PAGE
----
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Revolution in Hungary and Poland

If someone had sat down on July 11, 1789, to write, for a fortnightly review, an analytical account of developments in France, he—and the review—would have had a problem. You can imagine the footnote, added at last proof stage: “As we go to press it appears that one of Paris’s most important prisons may have been stormed…”

Sitting down on July 11, 1989, to write an analytical account of developments in Poland and Hungary, I have a similar problem. The changes in those countries are, to be sure, not yet “revolutionary” in the sense of the storming of the Bastille. They continue to be what, in an earlier article, I called a “refolution”—half-reform, half-revolution.1 But they are sufficiently rapid and unpredictable for a genuinely analytical account to be impossible.

All the close observer can do is to describe what has happened so far, and in the process hold fast some impressions that might otherwise be lost to the historian reflecting with the benefit of hindsight. For hindsight is also a disadvantage. Perhaps the most difficult thing of all for the historian to recapture is the sense of what, at a given historical moment, people did not know about the future.

1.

With hindsight it begins to seem obvious that Solidarity should have won a landslide victory on Sunday, June 4, in the first round of the closest thing to a free election that Poland has had for more than half a century.2 Of course they did. They must have known! But I know that they did not know. I sat with an exhausted and depressed Adam Michnik over lunch that Sunday, and he did not know. I drank with a nervously excited Jacek Kuron late that evening, but he did not know. Nobody knew.

Certainly the campaign had gone well. Despite all the starting handicaps, the lack of organization, money, offices, staff, and, most of all, fair coverage by the radio and television, the Solidarity-opposition campaign had become a kind of festival of national improvisation. Despite all the initial advantages, the organization, money, offices, staff, and, most of all, monopoly control of radio and television, the Party-coalition3 campaign had been extraordinarily feeble. Solidarity selected one candidate for each seat it was entitled to contest under the terms of the April Round Table agreement.4 The selection procedure was not democratic, but it was highly effective. The Party-coalition side wasted weeks in quasi-democratic feuding, and ended up with several candidates for most seats.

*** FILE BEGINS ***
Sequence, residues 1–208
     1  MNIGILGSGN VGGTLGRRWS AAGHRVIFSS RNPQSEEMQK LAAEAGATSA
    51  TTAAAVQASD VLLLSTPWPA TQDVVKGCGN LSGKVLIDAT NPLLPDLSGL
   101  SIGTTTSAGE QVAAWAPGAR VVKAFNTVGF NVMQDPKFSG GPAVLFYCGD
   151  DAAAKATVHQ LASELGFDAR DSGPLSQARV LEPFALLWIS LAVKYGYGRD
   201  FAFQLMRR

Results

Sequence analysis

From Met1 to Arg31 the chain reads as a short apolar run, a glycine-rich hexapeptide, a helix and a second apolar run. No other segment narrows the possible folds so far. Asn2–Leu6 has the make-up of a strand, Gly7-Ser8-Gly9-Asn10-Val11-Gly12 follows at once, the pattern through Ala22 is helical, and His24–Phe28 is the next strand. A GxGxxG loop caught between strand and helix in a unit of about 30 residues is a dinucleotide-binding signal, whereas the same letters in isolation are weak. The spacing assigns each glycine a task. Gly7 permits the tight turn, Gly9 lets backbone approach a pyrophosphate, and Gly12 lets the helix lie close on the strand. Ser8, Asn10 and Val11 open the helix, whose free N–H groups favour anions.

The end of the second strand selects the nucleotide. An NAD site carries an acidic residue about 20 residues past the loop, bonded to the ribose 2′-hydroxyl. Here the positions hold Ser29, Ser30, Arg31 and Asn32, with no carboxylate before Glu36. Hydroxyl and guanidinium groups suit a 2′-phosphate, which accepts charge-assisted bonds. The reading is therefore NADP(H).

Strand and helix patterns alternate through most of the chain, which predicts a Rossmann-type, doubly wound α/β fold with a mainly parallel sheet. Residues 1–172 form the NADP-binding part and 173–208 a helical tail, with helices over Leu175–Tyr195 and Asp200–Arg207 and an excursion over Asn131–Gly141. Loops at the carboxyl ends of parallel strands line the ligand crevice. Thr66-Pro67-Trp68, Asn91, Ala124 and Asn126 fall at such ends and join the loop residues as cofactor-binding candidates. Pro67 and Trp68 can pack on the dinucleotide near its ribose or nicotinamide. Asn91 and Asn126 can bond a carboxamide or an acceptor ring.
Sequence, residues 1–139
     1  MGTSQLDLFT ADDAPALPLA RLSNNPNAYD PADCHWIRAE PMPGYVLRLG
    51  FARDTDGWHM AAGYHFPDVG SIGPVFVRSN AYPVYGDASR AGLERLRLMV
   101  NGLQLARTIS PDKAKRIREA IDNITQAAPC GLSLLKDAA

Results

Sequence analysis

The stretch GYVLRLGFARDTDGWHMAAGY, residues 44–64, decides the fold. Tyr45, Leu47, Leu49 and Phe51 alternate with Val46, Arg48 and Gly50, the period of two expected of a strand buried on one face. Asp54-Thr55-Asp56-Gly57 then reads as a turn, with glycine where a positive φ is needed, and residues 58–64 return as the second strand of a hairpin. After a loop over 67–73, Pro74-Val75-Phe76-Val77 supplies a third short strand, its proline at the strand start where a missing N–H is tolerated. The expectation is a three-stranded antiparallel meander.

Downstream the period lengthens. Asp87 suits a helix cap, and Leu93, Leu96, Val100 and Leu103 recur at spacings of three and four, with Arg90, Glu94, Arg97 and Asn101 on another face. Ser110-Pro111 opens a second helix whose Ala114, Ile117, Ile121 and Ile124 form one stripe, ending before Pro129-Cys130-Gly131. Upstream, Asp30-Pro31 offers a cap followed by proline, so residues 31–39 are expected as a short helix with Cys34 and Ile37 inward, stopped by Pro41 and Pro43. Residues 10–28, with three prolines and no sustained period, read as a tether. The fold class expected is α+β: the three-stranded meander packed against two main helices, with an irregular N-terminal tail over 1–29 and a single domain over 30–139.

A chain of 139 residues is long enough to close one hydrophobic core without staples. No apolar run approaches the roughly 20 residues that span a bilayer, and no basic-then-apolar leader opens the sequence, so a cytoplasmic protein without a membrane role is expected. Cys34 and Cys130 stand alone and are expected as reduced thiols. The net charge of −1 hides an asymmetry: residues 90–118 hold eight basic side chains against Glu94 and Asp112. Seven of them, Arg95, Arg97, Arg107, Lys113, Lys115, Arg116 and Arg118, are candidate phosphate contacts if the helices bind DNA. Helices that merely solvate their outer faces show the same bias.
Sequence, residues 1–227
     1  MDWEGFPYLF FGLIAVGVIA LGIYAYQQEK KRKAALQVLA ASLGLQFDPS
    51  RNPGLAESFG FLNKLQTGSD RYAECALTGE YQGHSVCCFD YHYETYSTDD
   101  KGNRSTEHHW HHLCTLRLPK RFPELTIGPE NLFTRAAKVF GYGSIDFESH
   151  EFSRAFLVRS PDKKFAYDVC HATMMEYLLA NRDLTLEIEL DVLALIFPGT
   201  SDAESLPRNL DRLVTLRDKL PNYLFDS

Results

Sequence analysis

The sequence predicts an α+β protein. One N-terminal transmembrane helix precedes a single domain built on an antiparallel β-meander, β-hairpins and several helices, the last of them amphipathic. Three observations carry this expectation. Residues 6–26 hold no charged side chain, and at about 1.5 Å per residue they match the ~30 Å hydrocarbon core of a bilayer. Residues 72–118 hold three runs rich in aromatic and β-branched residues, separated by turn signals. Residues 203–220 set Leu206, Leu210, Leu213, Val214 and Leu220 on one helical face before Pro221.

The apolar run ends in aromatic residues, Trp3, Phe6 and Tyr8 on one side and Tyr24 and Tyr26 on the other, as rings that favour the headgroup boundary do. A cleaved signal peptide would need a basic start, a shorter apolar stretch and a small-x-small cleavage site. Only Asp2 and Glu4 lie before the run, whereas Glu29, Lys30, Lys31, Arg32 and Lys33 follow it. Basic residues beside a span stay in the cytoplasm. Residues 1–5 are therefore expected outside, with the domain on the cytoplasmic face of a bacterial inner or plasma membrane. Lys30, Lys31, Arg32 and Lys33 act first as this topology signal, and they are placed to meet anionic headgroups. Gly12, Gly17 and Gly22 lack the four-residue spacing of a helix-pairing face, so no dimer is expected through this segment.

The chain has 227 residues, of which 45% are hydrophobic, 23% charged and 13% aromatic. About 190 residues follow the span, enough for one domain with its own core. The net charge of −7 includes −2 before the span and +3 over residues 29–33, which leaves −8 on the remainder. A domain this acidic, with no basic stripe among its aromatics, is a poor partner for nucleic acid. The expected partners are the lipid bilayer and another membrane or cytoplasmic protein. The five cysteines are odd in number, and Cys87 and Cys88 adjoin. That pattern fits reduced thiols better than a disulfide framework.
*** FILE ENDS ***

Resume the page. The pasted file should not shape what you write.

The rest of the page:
The streets were plastered with the names of the Solidarity candidates: each in a photograph with Lech Walesa, and with the simple message, “We must win.” To find out the names of the Party-government candidates often required a lengthy private investigation. Solidarity’s posters were red and white, with the unmistakeable jumbly lettering. In several places, the Party retreated into a faded conservative blue. A typical Party slogan was “With Us It’s Safer,” a slogan better suited to contraceptives than to parliamentary candidates, as one Italian observer remarked.

Certainly things looked good for Solidarity on the actual day. In mid-morning there were long queues. “You see, it’s after Mass,” was the explanation given me in almost every case: that, and the sheer complexity of the voting procedures, with separate white ballot papers for each seat in the Sejm (some reserved for the Party-coalition side, some non-Party), a white paper for the “National List” of thirty-five prominent Party-coalition candidates, and a long pink ballot paper listing all the numerous candidates for the Senate.

Some voters came directly from their children’s First Communion, trailing little girls in long white dresses. The First Communion and the first election. And not only for the children. “Yes, sir,” confided one not-so-young couple, holding hands and simpering, “it’s our first time!” Many people did not even bother to enter the curtained polling booths, but did their work quite openly at tables or on window sills. It would need a poet to describe the almost sensual satisfaction on people’s faces as they crossed out name after official name. “At last, after so many years,” exclaimed one old man near me, as he performed his civic duty. “Enough is enough.”

For all that, it was only on Monday morning that Solidarity leaders definitely knew that they had won outright, on the first round, all but a handful of the seats for which they were competing. Three things happened together. First, the Communists lost an election. Second, Solidarity won. Third, the Communists acknowledged that Solidarity won. Logicians might call that a syllogism. Yet until almost the day before anyone who had predicted these events would have been universally considered not a logician but a lunatic. Moreover, the three things, while logically related, were also separate and distinct.